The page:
Hotel Management Japan Co., Ltd. (head office: Shibuya Ward, Tokyo; representative director: Shunzo Azuma; hereinafter referred to as “HMJ”), a hotel management company, has announced that it will open its Oriental Hotel Kyoto Gallery on Monday, September 2, 2019 in Kyoto’s Kiyomizu-Gojo area. The hotel’s concept is “The Essence of Kyoto.”
This is embodied via the combination of various traditional and stylish Kyoto motifs and by adding such essences to various areas of the hotel, allowing visitors to experience a comfortable space designed with people in mind and for the flow of hotel visitors. The hotel is located within walking distance of many historical areas of Kyoto, such as Gion, Kiyomizu Temple, and Yasaka Shrine, thus allowing visitors to enjoy Japanese art and culture along with the main attractions of the Kyoto cityscape.
From the entrance, which welcomes guests to the lobby and to, eventually, the rooms, various Kyoto traditional motifs are incorporated along all the routes that guests walk. Visitors during their stay can experience a comfortable space designed with people in mind and for the flow of hotel visitors.
Vertical grid design was used during the Heian Period in shrines, temples, or in the residences of noble families, incorporated into doors or developed as fixtures. This design helps aid privacy, while also allowing breeze and light to penetrate inward.
During the middle of the Edo Period, kabuki actor Ichimatsu Sanogawa adored this pattern for clothing, causing the pattern to become favorable Japan-wide. It became preferred due to its auspiciousness, carrying the nuance of prosperity of offspring and the expansion of business, as the pattern continues uninterruptedly.
This bold form of composition, using gold and silver foil as the background, with repeating patterns, is said to be characterized by techniques such as tarashikomi drip painting, and is a school from the art of design that was active from the late Momoyama Period up to modern times.
Doma, a traditional form of flooring, allows one to do outside work while still inside. As a design, the hotel incorporates the Japanese doma atmosphere, via old fixtures, colorful lights, traditional doors, and an ambience that takes the “outside” and brings it “inside.”
Using wood in construction is one of the traditional techniques of Japanese architecture. This beautiful technique, which does not use hardware, can be realized by processing surface unevenness for jointing, connections, and fitting on a single piece of material, done by a carpenter in a style unique to Japan, where there is a lot of moisture and where the temperature difference can be severe.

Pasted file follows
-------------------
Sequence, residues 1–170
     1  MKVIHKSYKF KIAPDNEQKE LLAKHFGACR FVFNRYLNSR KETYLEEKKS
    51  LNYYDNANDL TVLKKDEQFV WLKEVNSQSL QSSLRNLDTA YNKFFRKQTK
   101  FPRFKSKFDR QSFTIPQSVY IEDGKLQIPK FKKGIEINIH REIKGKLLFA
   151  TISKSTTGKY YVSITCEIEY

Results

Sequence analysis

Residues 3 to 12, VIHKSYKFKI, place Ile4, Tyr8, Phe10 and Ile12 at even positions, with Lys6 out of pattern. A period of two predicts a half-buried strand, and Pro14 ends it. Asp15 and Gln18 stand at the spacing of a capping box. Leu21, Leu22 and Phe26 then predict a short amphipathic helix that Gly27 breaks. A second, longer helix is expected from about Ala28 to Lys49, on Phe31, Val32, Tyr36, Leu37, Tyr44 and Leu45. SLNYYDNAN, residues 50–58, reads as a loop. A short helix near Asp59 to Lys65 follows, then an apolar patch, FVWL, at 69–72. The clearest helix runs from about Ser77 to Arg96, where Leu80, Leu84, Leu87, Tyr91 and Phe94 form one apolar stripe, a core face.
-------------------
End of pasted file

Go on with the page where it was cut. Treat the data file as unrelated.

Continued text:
By putting Japanese washi paper on one side of a wooden frame as per a normal shoji screen but then by making the bottom portion of the wooden frame transparent glass, it was/is possible to see, for example, how much snow could possibly have piled up outside the room, thus the word/name yukimi shoji (“shoji that allows you to see the snow”) was coined.
Suibokuga is believed to have been established in the Tang Dynasty and later introduced to Japan during the Kamakura Period. It is form of sumi-e painting that is expressed in ink (ink wash painting), not only via black ink lines, but also in ways that represent shading, lightness, and darkness, via blurring.
Breakfast: The breakfast buffet carries the theme of “A meal with soup.” The chef-designed soup menu that pays homage to each season incorporates three different soup types featuring casual nutrition that will warm your body. Come and enjoy your favorite soup with rice and toppings.
The Oriental Hotel Kyoto Gallery hotel is operated by HMJ International Co., Ltd. (head office: Shibuya Ward, Tokyo; representative director: Allan Takahashi), as an operating company, while Hotel Management Japan, Co., Inc. (HMJ) is responsible for the hotel’s management.
Hotel Management Japan Co., Ltd. (HMJ) is a hotel management company that operates 18 hotels in Japan with a total of 5,433 rooms. HMJ operates widely in the sphere of hotel management, such as for Tokyo Disney Resort® and for partner hotels, as well as for domestic and foreign brands such as “Oriental,” “Hilton,” “Marriott,” and “Holiday Inn” nationwide in Japan.